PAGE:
Keith Vaughan, ‘Drawing of two men kissing’ (© DACS, the Estate of Keith Vaughan)

“The exhibition isn’t about ghettoising queer artists it’s about exploring every aspect of their lives. That’s why it was important to me to show a real range of stories. There’s real tragedy but also real joy, failure but also phenomenal success, like Gluck. It’s about celebrating this extraoardinarily diverse, creative experience.” A painting of a vase of flowers by Gluck, who was born Hannah Gluckstein, is one of the star pieces of the show, according to Barlow. “I’m expecting people to think ‘why is a vase of flowers included?’ But if you look at it, [Gluck] painted it at the start of her famous relationship with the society flower arranger Constance Spry.”

Also on display will be a full-length portrait of Oscar Wilde, exhibited alongside the door of his Reading Gaol cell, where he was incarcerated from 1895 to 1897 for gross indecency. Covert images of same-sex desire such as Simeon Solomon’s Sappho and Erinna in a Garden at Mytilene 1864, will hang alongside homoerotic drawings by Aubrey Beardsley.

Laura Knight, ‘Self-Portrait’, 1913 (National Portrait Gallery, London)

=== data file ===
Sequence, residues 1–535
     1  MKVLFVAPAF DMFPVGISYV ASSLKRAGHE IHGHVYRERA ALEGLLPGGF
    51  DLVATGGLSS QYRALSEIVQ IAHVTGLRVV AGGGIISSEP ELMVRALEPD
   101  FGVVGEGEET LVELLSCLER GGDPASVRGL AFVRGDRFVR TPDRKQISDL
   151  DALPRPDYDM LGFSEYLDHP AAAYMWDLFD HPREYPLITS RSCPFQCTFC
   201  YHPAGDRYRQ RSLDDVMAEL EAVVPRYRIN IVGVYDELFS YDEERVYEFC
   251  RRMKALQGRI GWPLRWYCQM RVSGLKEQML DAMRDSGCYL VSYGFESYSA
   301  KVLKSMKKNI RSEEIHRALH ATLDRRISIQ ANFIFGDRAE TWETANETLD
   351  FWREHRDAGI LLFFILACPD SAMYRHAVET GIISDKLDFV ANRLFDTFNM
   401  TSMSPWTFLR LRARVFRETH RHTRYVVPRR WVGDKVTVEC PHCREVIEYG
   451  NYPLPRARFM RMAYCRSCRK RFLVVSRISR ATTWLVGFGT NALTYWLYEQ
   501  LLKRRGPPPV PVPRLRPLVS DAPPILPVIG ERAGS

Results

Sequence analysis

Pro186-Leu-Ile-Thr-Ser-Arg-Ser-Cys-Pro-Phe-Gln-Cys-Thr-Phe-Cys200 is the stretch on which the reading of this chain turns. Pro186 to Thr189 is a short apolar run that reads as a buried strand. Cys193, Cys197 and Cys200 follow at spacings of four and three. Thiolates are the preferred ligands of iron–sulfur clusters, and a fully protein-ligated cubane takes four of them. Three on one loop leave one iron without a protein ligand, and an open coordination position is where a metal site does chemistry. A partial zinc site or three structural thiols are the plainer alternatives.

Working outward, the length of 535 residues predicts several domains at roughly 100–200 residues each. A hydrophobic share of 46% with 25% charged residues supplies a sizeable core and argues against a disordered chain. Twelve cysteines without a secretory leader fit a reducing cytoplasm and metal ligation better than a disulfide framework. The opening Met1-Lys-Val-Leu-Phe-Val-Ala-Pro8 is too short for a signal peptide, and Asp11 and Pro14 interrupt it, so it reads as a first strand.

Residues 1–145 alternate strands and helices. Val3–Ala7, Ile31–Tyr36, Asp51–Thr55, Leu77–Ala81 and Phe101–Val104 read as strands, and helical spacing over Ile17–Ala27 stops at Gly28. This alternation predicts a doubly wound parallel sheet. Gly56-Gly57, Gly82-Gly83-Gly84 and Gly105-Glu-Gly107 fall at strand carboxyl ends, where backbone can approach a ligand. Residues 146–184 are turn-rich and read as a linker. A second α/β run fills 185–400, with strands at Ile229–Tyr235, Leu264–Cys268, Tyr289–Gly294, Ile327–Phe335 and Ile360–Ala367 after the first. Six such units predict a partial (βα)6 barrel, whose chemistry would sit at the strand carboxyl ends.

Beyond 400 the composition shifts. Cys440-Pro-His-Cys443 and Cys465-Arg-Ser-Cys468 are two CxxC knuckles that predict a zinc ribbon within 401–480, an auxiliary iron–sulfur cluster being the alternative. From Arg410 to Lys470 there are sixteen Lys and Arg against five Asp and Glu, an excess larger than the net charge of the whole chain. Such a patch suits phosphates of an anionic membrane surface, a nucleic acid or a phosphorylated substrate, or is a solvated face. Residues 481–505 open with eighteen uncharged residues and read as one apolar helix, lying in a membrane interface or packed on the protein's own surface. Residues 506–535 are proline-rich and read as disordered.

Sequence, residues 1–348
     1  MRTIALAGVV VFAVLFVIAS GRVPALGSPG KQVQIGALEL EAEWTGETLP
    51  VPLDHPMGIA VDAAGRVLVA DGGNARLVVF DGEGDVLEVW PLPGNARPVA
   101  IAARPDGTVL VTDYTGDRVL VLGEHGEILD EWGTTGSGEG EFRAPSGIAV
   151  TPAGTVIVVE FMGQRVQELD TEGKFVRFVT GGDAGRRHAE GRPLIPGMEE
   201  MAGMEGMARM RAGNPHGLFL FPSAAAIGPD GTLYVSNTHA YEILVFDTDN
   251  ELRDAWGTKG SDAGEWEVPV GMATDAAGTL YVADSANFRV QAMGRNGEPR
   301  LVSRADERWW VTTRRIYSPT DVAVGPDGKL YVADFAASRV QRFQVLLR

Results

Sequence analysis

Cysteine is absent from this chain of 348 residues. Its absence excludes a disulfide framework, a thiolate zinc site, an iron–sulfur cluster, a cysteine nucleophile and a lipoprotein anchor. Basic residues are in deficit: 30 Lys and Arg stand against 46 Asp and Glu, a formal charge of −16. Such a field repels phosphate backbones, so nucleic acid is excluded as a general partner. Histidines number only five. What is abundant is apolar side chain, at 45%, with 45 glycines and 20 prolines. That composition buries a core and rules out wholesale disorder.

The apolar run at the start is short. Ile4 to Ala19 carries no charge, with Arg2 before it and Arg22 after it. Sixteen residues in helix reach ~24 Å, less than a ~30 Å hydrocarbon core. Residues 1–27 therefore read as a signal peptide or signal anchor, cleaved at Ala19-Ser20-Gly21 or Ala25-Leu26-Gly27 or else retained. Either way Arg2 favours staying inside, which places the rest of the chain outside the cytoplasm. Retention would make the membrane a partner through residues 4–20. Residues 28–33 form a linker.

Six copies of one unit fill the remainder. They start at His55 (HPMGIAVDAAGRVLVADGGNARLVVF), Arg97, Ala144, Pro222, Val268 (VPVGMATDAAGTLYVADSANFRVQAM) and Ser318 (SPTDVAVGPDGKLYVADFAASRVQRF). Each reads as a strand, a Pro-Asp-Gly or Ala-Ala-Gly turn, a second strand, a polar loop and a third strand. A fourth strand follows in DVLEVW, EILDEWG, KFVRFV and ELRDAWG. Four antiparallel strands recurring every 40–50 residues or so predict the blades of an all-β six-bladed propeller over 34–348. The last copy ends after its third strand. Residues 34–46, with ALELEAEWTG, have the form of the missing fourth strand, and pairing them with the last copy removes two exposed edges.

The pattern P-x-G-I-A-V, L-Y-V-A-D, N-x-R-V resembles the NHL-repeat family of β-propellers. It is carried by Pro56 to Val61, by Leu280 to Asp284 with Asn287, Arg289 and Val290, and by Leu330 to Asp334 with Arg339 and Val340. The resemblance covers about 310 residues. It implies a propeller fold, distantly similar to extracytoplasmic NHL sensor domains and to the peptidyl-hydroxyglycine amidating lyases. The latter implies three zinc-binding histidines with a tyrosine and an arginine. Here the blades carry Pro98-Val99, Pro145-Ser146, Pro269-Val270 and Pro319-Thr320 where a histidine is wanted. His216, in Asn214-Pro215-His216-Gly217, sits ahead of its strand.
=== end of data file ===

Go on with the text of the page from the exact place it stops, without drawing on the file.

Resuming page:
There will also be a room of the exhibition dedicated to art that defies heterosexual “norms” but isn’t by gay or trans artists. Among these is Self Portrait by Laura Knight, which when it was first shown in 1913, shocked the establishment because it showed her, the artist, painting a female nude. The Telegraph’s critic derided it as “vulgar”. Barlow says: “It’s interesting reading [the review today] because the reviewer can’t really get a handle on what it is that he doesn’t like. There’s a real sense of anxiety in his response to that painting. Perhaps because it subverts the traditional hierarchy between the male artist and female nude.”

Barlow emphasises that the show is “very much queer British art not queer British artist” and says she chose to use the word “queer” in the sense that Derek Jarman used it and because “it captures that sense of fear and liberation through creativity”. 

Tate Britain's 'Queer British Art 1861-1967' exhibition runs until 1 October